Hey, I love Texas as much as the next girl, but when it comes to laws the Lone Star State has a reputation for being a bit outdated. And when it comes to alcohol laws, we're downright hard-core. The regulations are particularly restrictive when it comes to beer.
If you head on down to Fredericksburg you can tour a whole slew of wineries, participate in tastings (some free, some paid), and purchase wine to be opened and enjoyed on location or taken home to be uncorked at a later date. The same must be true for breweries, right? Wrong. Under the current legislation a brewery can give tours and serve beer, but beer can only be served on a tour if no admission fee is charged. Even more puzzling is the fact that Texas law explicitly prohibits breweries from selling beer directly to customers, whether it's a pint, a six-pack, or a keg.
If that sounds illogical, consider the brewpub situation in Texas. Brewpubs (sometimes referred to as microbreweries) usually begin as small operations, many with a kitchen to serve food, where beer is brewed, packaged, and sold on site (now-closed Two Rows was a local example). While many other states afford their brewpubs the right to self-distribute or sell their product to a distribution company for resale at retail locations such as bars and grocery stores, the state of Texas only permits a brewpub license holder to sell beer directly to consumers on location - and total annual sales are limited to 5,000 barrels. To put this in perspective, consider the fact that California brewpub Stone Brewing Co. sold over 98,500 barrels in 2009. Sierra Nevada, based out of Colorado, did roughly 800,000 barrels.
What this means is that Texans can walk into Spec's and purchase brewpub beer from almost every state in the union - except Texas. I know. It doesn't make a lick of sense. Luckily, we aren't the only ones who feel it's time for a change. State Representatives Mike Villarreal and Houston's own Jessica Farrar are looking to alleviate some of the restrictions placed on Texas beer with two important bills, filed this session: HB 660 and HB 602.
A brief synopsis of each:
HB 660 - Brewpubs (Mike Villarreal, D, San Antonio)
- Would amend the current 5,000-barrel sales restriction to apply only to beer consumed at the location or goods sold directly to the consumer by the brewpub.
- Would enable brewpub license holders to sell their beer to distribution companies for resale at retail locations, up to 75,000 barrels.
- Would allow licensed brewpubs to directly self-distribute up to 10,000 barrels annually.
HB 602 - Breweries (Jessica Farrar, D, Houston)
- Would enable breweries to charge an admission fee for brewery tours and provide beer in the form of pints to drink on location or bottles to take home after the tour. However, no additional charge over the admission fee can be applied to beer.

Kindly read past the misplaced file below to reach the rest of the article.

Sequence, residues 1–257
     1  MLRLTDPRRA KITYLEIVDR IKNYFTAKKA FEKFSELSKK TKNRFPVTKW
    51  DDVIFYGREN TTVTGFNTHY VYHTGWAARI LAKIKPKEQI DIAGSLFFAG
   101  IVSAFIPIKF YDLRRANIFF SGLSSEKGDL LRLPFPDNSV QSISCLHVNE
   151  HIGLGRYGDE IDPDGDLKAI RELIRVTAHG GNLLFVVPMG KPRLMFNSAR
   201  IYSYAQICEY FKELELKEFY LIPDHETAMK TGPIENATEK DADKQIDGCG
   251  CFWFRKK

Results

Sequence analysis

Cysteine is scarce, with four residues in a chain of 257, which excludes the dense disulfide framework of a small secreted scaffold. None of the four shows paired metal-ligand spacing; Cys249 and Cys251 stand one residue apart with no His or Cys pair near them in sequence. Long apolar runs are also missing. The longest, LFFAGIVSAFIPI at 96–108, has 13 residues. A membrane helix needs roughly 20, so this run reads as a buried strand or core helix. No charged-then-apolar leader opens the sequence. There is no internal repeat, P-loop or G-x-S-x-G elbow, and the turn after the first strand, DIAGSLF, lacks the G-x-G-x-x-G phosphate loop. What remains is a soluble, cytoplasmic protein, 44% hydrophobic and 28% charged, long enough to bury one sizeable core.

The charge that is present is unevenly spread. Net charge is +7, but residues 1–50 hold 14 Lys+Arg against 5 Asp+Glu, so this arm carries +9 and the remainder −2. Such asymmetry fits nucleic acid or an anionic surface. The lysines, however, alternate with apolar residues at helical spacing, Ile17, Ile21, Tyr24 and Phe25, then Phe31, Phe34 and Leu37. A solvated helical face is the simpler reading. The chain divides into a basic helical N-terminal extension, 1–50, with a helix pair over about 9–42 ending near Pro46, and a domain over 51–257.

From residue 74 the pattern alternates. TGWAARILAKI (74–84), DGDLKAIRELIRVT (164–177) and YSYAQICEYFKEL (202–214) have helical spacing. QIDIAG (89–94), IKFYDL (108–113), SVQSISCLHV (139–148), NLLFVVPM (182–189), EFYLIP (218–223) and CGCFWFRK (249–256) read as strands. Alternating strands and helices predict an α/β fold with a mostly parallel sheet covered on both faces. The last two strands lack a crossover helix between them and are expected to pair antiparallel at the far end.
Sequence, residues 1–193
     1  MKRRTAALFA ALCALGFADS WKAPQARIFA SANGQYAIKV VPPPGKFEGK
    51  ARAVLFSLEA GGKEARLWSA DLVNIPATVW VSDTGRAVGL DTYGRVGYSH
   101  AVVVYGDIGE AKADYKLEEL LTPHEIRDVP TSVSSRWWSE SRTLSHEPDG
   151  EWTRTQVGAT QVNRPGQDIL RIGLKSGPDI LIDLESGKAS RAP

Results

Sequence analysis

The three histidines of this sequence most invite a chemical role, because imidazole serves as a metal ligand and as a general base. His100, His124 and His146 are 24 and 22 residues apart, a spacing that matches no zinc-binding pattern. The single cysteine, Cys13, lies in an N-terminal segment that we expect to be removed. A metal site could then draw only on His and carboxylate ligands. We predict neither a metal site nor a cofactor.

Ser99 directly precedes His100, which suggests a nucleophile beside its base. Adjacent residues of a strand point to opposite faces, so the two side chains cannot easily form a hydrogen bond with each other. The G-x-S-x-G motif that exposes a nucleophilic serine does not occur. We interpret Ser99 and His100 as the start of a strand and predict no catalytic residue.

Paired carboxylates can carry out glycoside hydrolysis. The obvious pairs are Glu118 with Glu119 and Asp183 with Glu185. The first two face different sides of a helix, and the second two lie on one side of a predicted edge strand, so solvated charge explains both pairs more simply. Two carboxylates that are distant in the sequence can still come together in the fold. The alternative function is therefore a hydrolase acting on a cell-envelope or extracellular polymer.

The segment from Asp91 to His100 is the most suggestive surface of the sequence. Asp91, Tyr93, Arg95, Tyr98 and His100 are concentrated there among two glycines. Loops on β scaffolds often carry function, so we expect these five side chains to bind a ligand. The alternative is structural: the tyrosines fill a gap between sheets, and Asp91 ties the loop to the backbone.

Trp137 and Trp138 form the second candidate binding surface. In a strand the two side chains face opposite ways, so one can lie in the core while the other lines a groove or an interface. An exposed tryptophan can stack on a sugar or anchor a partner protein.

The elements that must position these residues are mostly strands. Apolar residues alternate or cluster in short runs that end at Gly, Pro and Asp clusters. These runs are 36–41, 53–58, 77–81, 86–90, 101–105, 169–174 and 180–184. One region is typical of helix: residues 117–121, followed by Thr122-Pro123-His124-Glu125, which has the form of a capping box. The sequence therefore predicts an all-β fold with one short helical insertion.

- The bill would NOT authorize a brewery to sell beer directly to the consumer on-site for on- or off- premise consumption.
The proposed legislation is nothing new - similar versions have been floating around for years, only to be thwarted by powerful distribution lobbies and old-school ideals. Kevin Floyd, co-owner of Anvil Bar & Refuge, provided some insight into the matter. "Of the three-tier system - production, distribution, and retail - distribution is the most powerful," he explains, adding, "Consumers are led to believe that they have a choice when it comes to beer, when in reality the brands on the shelf are largely decided by the state and distributors." According to Floyd, the key to passing these measures is getting the distribution companies on board.
This sentiment is echoed by Brock Wagner, founder of Saint Arnold Brewing Company, who has partnered with distributors in the past to come up with a version of HB 602 that appeals to both parties. On average, more than 1,500 people tour Saint Arnold each week, and roughly 50 percent are visiting from out of town - but under the current laws Saint Arnold can't charge admission or give them beer to take back home. Wagner says, "My goal is for people to visit the brewery, find a beer they like, and I'll send them home with a six-pack in the hopes that the next time they're in the grocery store, that's what they'll buy," adding, "It's marketing, really."
So what do the distribution companies think about the bills? John Nau, President and CEO of Houston-based Silver Eagle Distributors (currently the largest distributor in Texas, and the second- largest in the nation) told us, "Silver Eagle supports HB 602," stating, "We've even worked directly with Brock [Wagner] to perfect the language in past versions of the current bill." HB 660? Eh, not so much. When asked if Silver Eagle was in favor, Nau responded with a decisive "No."
The belief held by many opponents of the bill is that a brewpub impedes upon a system put in place for good reason. In states with laws similar to HB 660 on the books, a brewpub essentially acts as both producer and retailer, and is not required to sell to a distributor - bypassing the traditional three-tier system altogether. And when it comes to the law, Texans don't take to kindly to breaking tradition. Nau explains, "To fully understand the three-tier system you have to look back to the days of Prohibition, when certain persons were participating in bootlegging and other unsavory acts," adding, "You don't want to penetrate that."
It seemed to us that the distribution companies would be all for this bill -- after all, wouldn't it lead to more brands and increased business? It's often cost-prohibitive for brewpubs to distribute themselves, leading many to seek out a major distribution company to get their beer onto store shelves. But to this, Nau said, "At the end of the day, brewpubs are not the instrument to gain distribution in the market." That being said, he did inform us that he had meetings booked in the near future to discuss the matter with the San Antonio brewpubs behind the bill.